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Sir Brian Mawhinney (North-West Cambridgeshire) (Con): As the Minister who started this process more than 15 years ago, may I warmly commend the Secretary of State for the hugely significant progress that he and his colleagues have made with the Northern Ireland parties? Does he recognise that there is a variety of reasons for lack of confidence in the decommissioning process, one of which, I regret to say, relates to the handling of that issue by his predecessor, Dr. Mowlam? Will he be encouraged by the strong support on both sides of the House for his commitment to transparency in the decommissioning process, even if the last step of the way delays the inevitable, final and wonderful outcome for which so many people have striven for so long?

Mr. Murphy: I thank the right hon. Gentleman for those kind words. I agree that the process started more than a decade ago when the previous Prime Minister, John Major, was heavily involved. The right hon. Gentleman will understand, from having been a Minister himself in Northern Ireland—as will all Members who have been involved in Northern Ireland politics over the years—that the transparency of decommissioning has been an issue from the very beginning. If—I hope it is not if, but when—we deal with it, we shall have found our way to a complete resolution of the difficulties that we face.
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Mr. Andrew Mackay (Bracknell) (Con): Does the Secretary of State accept that all of us who have been involved in the process wish him well and believe that real progress has now been made? Inevitably, however—and rightly—he mentioned compromise. Does he accept that there is not much more room for compromise because the real problem is that we have not yet had transparent decommissioning? Until we do, the Belfast agreement will not have been fully implemented and there is not much room for compromise from the Unionist or democratic nationalist side on that point.

Mr. Murphy: I thank the right hon. Gentleman for his remarks. He has been deeply involved in Northern Ireland politics for some time. We did have a compromise; that is the point. In the proposals, which, of course, were not accepted, the compromise that the two Governments set out was that photographs would be taken but would not be published until the Executive was up and running. Clearly, that was not acceptable to the IRA, so we must try to find another way to ensure that we get some confidence and trust on transparency.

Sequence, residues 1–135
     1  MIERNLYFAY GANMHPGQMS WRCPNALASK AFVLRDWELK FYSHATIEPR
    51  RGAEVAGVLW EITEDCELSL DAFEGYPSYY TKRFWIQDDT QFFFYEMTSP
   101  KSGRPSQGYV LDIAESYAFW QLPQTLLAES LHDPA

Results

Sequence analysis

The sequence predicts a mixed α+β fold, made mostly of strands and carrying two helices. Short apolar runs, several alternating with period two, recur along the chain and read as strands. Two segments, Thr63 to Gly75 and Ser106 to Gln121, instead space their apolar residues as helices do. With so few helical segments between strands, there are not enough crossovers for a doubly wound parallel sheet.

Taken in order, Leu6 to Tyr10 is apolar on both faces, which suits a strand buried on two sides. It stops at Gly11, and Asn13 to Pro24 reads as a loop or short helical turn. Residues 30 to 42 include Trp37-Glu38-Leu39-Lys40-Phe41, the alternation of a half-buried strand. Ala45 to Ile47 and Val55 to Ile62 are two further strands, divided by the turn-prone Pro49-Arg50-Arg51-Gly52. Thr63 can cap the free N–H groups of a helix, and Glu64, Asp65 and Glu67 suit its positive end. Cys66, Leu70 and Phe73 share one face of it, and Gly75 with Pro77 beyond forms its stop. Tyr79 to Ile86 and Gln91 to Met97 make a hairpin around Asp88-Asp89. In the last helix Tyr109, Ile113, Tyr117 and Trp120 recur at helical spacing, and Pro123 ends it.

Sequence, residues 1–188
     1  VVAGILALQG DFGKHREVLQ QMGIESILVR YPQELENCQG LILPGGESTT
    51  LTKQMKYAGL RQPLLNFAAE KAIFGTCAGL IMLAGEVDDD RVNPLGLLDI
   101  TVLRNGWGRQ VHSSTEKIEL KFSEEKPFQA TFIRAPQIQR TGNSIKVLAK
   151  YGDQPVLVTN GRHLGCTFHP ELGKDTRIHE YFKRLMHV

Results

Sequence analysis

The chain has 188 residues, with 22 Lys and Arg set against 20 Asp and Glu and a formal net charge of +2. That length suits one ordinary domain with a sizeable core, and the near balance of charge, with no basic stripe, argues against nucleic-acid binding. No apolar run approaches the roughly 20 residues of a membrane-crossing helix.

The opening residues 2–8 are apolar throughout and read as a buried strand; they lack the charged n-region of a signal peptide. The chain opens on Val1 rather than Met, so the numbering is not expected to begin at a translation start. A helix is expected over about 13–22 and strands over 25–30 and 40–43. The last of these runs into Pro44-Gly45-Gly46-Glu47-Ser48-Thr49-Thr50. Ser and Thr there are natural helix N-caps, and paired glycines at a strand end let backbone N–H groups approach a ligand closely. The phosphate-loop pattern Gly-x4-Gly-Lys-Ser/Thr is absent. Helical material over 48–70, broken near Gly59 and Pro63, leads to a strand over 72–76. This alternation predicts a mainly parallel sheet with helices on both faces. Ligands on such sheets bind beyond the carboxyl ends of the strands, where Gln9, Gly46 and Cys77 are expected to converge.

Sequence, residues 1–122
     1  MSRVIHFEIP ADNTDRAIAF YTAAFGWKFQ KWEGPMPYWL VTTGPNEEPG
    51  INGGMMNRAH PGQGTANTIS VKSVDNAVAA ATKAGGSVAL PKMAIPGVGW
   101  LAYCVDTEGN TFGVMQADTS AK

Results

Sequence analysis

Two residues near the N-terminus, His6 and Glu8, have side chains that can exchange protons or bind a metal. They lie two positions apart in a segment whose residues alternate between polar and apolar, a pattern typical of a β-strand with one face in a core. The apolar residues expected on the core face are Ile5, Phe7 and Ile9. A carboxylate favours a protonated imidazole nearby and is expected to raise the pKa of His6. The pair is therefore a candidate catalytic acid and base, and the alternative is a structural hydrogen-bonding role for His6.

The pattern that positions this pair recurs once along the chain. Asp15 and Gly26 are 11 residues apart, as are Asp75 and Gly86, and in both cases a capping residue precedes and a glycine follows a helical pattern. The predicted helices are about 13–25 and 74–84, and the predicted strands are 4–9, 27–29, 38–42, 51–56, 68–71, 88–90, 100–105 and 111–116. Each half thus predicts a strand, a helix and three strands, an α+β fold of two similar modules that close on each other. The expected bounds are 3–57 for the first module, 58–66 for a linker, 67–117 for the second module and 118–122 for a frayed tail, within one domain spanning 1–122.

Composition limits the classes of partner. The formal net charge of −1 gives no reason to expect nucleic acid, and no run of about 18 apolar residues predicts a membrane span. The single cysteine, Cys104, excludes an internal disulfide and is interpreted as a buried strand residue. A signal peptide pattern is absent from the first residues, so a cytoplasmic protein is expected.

Another new issue was the use of independent observers who were clergymen. That development can be welcomed, and we must all use our intellect, intelligence, experience and expertise over the next number of weeks to see whether we can find some way to ensure that there is sufficient transparency to command the confidence of everybody in the community.

Mr. Roy Beggs (East Antrim) (UUP): First, may I place on record my thanks to the Secretary of State and all those who have been involved in the effort to bring lasting peace, security and prosperity to the people of Northern Ireland? Naturally, like many others, I am disappointed that there has not yet been a final solution, but I recognise the need for transparent decommissioning. I welcome the agreements that have been reached between Sinn Fein-IRA and the DUP to date. In six of the 13 paragraphs of annexe E, the expressions "new agreement", "new powers" and "new arrangements" occur. Will the Secretary of State write to me identifying the parts of the Belfast agreement that will require amendment arising from the recently agreed proposals for agreement between the political parties in Northern Ireland?